What is Asset Allocation? The First Step to Protecting Your Portfolio

You’ve heard of it and have a general idea that it’s something you should be doing. But what is asset allocation, exactly?

Asset allocation is the process of dividing the funds in your investment portfolio among stocks, bonds, and cash and equivalents based on your goals, timeframe, and risk tolerance.

So, what is best for your financial situation and goals? Read on for a quick breakdown of:

  • Why it’s important and what to consider for your needs
  • How asset allocation works
  • The difference between the three asset classes

Why is Asset Allocation Important?

Choosing the right asset allocation attempts to maximize your returns relative to your risk tolerance. In other words, it can reduce your risk and increase your potential returns.

Asset allocation is a strategy focused on your needs instead of near-term market performance. That said, it removes emotions from critical financial decisions, making it easier to invest wisely based on your current situation and goals.

How Does It Work?

Simply put, you divide your investments among stocks, bonds, and cash based on your investment horizon (i.e., how long until you’ll need your invested money) and risk tolerance. You invest more in stocks when your timeframe is longer, and your risk tolerance is higher. As your timeframe or risk tolerance declines, you reduce your stock exposure and increase your fixed income and cash to provide more downside risk protection.

Your asset allocation strategy should be dynamic, meaning you should evaluate it at least yearly. This includes assessing your portfolio’s performance, income, expenses, goals, timeline, and risk tolerance. Work with your financial advisor to determine what adjustments you should make.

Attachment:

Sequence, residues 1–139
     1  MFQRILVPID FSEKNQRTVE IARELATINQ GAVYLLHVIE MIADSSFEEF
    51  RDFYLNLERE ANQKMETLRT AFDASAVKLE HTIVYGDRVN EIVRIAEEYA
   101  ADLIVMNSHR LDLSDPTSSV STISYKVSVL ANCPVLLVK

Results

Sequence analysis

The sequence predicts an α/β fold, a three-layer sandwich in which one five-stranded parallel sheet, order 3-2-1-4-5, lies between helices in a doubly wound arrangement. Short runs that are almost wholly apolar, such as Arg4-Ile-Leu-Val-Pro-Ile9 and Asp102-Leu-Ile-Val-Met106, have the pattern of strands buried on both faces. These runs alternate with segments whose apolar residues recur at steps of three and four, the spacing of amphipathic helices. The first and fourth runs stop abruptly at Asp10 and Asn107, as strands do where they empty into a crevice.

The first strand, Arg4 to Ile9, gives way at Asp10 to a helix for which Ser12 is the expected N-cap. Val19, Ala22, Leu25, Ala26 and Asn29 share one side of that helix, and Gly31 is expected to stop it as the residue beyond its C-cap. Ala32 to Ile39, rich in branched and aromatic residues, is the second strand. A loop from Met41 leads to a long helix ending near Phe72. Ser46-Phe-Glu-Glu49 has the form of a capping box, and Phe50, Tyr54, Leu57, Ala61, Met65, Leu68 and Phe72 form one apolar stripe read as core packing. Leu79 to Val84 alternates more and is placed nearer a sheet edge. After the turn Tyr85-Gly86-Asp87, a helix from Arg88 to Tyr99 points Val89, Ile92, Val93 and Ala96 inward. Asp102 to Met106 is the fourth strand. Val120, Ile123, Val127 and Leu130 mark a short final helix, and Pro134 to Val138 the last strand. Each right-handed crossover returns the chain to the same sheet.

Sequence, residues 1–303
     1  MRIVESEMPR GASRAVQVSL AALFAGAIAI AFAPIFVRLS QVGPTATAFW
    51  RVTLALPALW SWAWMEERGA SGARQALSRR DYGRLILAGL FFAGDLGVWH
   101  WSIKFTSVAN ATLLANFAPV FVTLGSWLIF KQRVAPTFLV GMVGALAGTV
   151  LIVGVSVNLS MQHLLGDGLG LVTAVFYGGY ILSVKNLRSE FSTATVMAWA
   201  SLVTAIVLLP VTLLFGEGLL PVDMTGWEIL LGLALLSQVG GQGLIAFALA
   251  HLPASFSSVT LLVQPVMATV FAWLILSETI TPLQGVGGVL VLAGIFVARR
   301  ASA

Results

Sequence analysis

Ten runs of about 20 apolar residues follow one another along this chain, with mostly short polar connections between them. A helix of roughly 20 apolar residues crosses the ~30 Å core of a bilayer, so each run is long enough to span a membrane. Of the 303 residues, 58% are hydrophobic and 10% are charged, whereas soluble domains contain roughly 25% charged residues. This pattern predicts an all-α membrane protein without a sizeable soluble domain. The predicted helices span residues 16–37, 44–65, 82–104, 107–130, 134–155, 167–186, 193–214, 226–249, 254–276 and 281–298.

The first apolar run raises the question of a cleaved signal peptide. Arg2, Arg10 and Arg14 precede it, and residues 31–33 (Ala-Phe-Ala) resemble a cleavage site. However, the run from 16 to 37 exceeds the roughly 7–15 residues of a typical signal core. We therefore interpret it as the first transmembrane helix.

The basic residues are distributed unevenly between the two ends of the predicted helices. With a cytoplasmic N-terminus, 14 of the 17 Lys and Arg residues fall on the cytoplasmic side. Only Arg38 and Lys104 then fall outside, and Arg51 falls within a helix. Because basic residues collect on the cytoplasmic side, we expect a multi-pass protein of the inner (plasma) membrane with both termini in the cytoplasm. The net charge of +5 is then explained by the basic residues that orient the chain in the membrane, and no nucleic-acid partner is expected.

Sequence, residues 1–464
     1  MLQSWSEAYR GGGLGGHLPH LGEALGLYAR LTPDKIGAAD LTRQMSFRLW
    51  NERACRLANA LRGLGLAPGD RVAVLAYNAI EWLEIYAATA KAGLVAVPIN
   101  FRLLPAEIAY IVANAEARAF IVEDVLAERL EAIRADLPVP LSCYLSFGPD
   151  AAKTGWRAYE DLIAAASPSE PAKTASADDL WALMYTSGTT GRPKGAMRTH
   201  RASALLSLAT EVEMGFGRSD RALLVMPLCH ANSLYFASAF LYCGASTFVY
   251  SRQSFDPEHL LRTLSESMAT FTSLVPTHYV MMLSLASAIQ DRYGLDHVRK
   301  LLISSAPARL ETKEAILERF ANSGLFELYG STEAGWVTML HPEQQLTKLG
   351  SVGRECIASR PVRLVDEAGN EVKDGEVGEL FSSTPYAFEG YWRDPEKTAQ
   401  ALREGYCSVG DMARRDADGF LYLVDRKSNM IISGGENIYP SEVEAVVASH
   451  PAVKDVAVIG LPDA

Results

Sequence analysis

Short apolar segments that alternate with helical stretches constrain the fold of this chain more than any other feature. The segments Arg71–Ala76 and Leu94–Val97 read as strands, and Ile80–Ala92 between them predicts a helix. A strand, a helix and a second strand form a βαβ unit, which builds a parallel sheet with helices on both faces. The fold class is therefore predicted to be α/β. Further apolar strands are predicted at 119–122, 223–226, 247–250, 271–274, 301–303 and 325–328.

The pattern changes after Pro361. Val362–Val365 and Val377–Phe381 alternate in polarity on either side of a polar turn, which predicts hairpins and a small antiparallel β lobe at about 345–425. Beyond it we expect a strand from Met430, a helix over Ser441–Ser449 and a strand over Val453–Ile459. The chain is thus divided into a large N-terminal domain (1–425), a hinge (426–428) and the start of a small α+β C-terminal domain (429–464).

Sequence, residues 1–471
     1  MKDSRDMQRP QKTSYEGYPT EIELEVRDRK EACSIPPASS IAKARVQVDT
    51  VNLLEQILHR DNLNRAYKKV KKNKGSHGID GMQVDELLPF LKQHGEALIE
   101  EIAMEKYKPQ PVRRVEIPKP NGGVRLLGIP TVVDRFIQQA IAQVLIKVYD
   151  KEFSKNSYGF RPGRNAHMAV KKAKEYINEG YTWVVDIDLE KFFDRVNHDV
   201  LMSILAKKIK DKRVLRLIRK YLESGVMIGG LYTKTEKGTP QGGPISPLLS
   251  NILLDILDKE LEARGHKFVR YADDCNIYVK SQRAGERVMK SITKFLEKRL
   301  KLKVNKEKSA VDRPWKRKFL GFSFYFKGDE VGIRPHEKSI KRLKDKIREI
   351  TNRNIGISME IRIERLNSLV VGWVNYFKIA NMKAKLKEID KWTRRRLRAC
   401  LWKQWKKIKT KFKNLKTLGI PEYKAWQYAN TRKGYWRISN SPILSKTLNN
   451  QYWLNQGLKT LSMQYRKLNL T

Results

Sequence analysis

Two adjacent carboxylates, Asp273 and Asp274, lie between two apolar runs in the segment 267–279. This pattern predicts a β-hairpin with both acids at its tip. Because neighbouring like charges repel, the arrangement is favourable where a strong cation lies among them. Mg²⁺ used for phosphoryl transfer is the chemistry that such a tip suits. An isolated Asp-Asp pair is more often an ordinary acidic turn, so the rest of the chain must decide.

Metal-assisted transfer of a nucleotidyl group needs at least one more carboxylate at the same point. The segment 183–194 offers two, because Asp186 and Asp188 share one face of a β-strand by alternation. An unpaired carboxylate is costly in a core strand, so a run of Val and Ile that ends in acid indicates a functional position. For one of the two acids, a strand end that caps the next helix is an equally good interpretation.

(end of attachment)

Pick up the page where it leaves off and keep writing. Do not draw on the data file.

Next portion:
Understanding the 3 Main Asset Classes

Next, you might be wondering about the difference between stocks, bonds, and cash and equivalents. What should you invest in and when?

  • Stocks: Stocks tend to offer the highest growth potential but are generally riskier and more volatile. That’s why they are typically recommended for long-term investments, such as retirement savings.
  • Bonds: These fixed-income investments tend to have less volatility and more downside risk protection but also provide lower historical returns. Bonds fall somewhere between stocks and cash regarding the ideal timeframe.
  • Cash and cash-like assets: Cash equivalents like savings accounts, money markets, and CDs can offer some potential upside with very low risk. Cash is best for short investment horizons, like saving for a vacation or home renovation in a year.

For example, an investor with a high-risk tolerance (e.g., someone in their early 20s with decades until retirement) may have an aggressive portfolio mix of 80% stocks, 15% bonds, and 5% cash. On the other hand, a more conservative investor (e.g., someone in their mid-50s nearing retirement) may have a mix of 60% stocks, 35% bonds, and 5% cash.

Protecting Your Money with Asset Allocation

Asset allocation is a crucial step in building your portfolio. Consider it the “how” of your portfolio mix. It should come before security selection, which is the “what”—the specific types of stocks, bonds, and cash equivalents you choose.

Since everyone’s finances and goals are different, there isn’t one asset allocation formula that works for every portfolio. You’ll need to work with your advisor to determine the best strategy for minimizing your risk and maximizing your returns.

Do you need guidance as you build your portfolio? Carlson’s advisors will be happy to discuss your current situation and short- and long-term goals to establish the ideal asset allocation for your needs. Let’s chat and get to know each other today!

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